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Confusion and Abuse Feed off Each Other when it Comes to Service Animals

We’ve all seen or heard the bizarre stories: the dog…snake…pig…bird…that wreaks havoc when it is traveling around with its owner. But because the owner refers to it as a “service” or “emotional support” animal, everyone is afraid to complain about it.

Then we hear about the situation earlier this summer: a woman who was legally blind called AAA because her car had broken down. However,  a new AAA employee told her that her seeing-eye dog could not accompany her in the truck that was towing her car.

Fortunately this mistake was eventually rectified, after an hour and a half of argument. AAA finally allowed the dog to stay with the woman and made a public apology. For more, see:

GoLocalWorcester AAA Refused to Pick Up Blind Woman Stranded with Service Dog

There’s no question that AAA should have trained this employee better and/or made its policy more clear. So let’s clarify: This situation involved Title III of the Americans with Disabilities Act (ADA), the public accommodations section. Title III does not consider any animal to be a service animal except a dog (and in some cases, a miniature horse). Title III also specifically states that an “emotional support” animal does not qualify as a service animal.
In addition, Title III does not require any license or special identification for an animal identified as a service animal, and it is illegal to demand to see such identification.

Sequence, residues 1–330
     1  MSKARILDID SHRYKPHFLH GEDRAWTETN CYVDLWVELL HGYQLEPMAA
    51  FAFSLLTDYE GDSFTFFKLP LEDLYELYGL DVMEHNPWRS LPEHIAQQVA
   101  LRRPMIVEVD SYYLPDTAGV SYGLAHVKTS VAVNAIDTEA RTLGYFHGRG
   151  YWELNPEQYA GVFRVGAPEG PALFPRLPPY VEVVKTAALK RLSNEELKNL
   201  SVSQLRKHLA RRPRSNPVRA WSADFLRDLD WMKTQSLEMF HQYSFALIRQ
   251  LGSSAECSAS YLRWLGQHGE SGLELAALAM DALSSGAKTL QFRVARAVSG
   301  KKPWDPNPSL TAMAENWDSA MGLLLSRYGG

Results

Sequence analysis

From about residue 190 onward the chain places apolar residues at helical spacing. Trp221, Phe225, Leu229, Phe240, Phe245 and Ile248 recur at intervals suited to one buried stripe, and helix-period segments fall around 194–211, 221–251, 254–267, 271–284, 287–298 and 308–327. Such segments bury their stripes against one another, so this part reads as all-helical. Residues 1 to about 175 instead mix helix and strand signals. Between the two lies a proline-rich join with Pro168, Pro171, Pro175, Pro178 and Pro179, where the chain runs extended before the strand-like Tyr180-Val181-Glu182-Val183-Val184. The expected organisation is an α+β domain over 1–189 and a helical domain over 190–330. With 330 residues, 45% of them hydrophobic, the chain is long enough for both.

Perhaps some of the confusion is because there are other parts of the ADA (as well as other disability laws) where this distinction is not so clear and where emotional support animals may be recognized in certain cases.

Assistance Dog pushing Crosswalk button

For more information about that, go to A Guide to Disability Rights Laws

But  I and many other disability advocates believe that a big part of the reason there is so much confusion on this issue is because, quite frankly, people abuse the law. This is not fair to people who really need the help of those animals, because it damages their credibility. It is also not fair to the countless establishments who are trying very hard to understand and comply with the law.  And I’ll leave it to others to decide whether it is fair to the animals in question.

Nothing on this site is intended to be legal advice.

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